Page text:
Tim Peake's spacewalk: all the details
Tim Peake is scheduled to become the first British astronaut ever to do a spacewalk today, Friday 15th January, at around 12.55pm.
It will be NASA's 35th spacewalk, and should last around six hours.
He will be stepping outside the ISS, and taking a walk in space, 250 miles above the earth.
Here's everything you need to know:
It's not just Tim Peake, the spacewalk will be a team effort. Here are the other key players:
ON THE SPACEWALK
INSIDE THE ISS
Every detail of the six hour spacewalk has been carefully planned.
The spacesuits are carefully checked, and even the order that different tools and equipment are attached to the suits is decided in advance.
On the day of the spacewalk, Peake and Kopra will get into their suits hours before they go outside.
They will breathe pure oxygen in their suits for hours before they go outside, to get rid of a gas called nitrogen in their bodies which could make them ill in space.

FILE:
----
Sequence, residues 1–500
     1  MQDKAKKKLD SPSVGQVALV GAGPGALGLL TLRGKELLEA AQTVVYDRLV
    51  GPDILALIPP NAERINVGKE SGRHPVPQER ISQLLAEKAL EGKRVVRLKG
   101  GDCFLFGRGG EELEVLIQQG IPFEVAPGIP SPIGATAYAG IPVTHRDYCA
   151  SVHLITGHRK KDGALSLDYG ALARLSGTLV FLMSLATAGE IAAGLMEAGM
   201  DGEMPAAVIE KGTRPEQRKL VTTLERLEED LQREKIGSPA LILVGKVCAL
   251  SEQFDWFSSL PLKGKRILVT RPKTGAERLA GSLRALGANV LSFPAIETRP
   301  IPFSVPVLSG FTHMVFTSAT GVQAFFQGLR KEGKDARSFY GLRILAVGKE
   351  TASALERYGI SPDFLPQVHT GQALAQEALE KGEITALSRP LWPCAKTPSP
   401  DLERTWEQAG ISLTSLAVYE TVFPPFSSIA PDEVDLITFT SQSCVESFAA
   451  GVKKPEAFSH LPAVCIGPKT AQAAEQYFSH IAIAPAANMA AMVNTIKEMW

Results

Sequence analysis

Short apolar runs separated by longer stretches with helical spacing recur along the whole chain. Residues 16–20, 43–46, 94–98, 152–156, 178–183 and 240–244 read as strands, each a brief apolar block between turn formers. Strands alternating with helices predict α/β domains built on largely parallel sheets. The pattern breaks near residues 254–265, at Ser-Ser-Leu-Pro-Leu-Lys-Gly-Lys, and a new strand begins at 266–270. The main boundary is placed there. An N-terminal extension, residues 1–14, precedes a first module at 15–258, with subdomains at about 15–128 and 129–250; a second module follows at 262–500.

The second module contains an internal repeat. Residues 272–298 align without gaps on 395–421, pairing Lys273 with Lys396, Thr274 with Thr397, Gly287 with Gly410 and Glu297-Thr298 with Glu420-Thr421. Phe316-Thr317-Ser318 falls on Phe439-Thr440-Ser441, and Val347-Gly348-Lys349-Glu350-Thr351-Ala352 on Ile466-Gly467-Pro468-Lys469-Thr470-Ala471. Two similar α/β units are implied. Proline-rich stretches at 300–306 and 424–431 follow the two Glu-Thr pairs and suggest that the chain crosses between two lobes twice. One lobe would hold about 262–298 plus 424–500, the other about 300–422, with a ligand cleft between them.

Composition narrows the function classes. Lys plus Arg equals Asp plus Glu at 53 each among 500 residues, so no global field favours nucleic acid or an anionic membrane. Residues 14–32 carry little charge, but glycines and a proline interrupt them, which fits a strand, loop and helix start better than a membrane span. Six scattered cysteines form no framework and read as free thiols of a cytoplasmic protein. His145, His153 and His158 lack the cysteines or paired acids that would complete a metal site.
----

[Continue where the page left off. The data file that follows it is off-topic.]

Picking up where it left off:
Once they're suited up, Peake and Kopra will enter the airlock and get ready to leave the spacecraft.
As EV1, Tim Kopra will go outside first, and then will give the 'GO' for Peake to follow him.
The astronauts will check all of their equipment, and get used to the new environment. It feels very different outside in space, compared to inside the ISS; it's a bit like being underwater.
The astronauts are always attached to the spacecraft, with a special rope to stop them floating away.
Because there isn't any gravity, or any ground to stand on, astronauts hardly use their legs during the spacewalk. They use their arms instead to find their way around the outside of the space station.
Peake and Kopra have several tasks to complete during the spacewalk, including:
It can be tiring work, and the astronauts don't get any food, and don't even have the chance for a toilet break.
The Space Station will still be orbiting the earth every 90 minutes, so it will change from daylight to darkness every 45 minutes.
When it's dark, the astronauts can use lights on their spacesuits to see.
All of this will take about six hours and 20 minutes, and if they're quick enough to finish early then there are extra 'bonus tasks' around the station for them to do as well.
For more amazing space facts, check out this guide on BBC Bitesize.
Good luck Tim!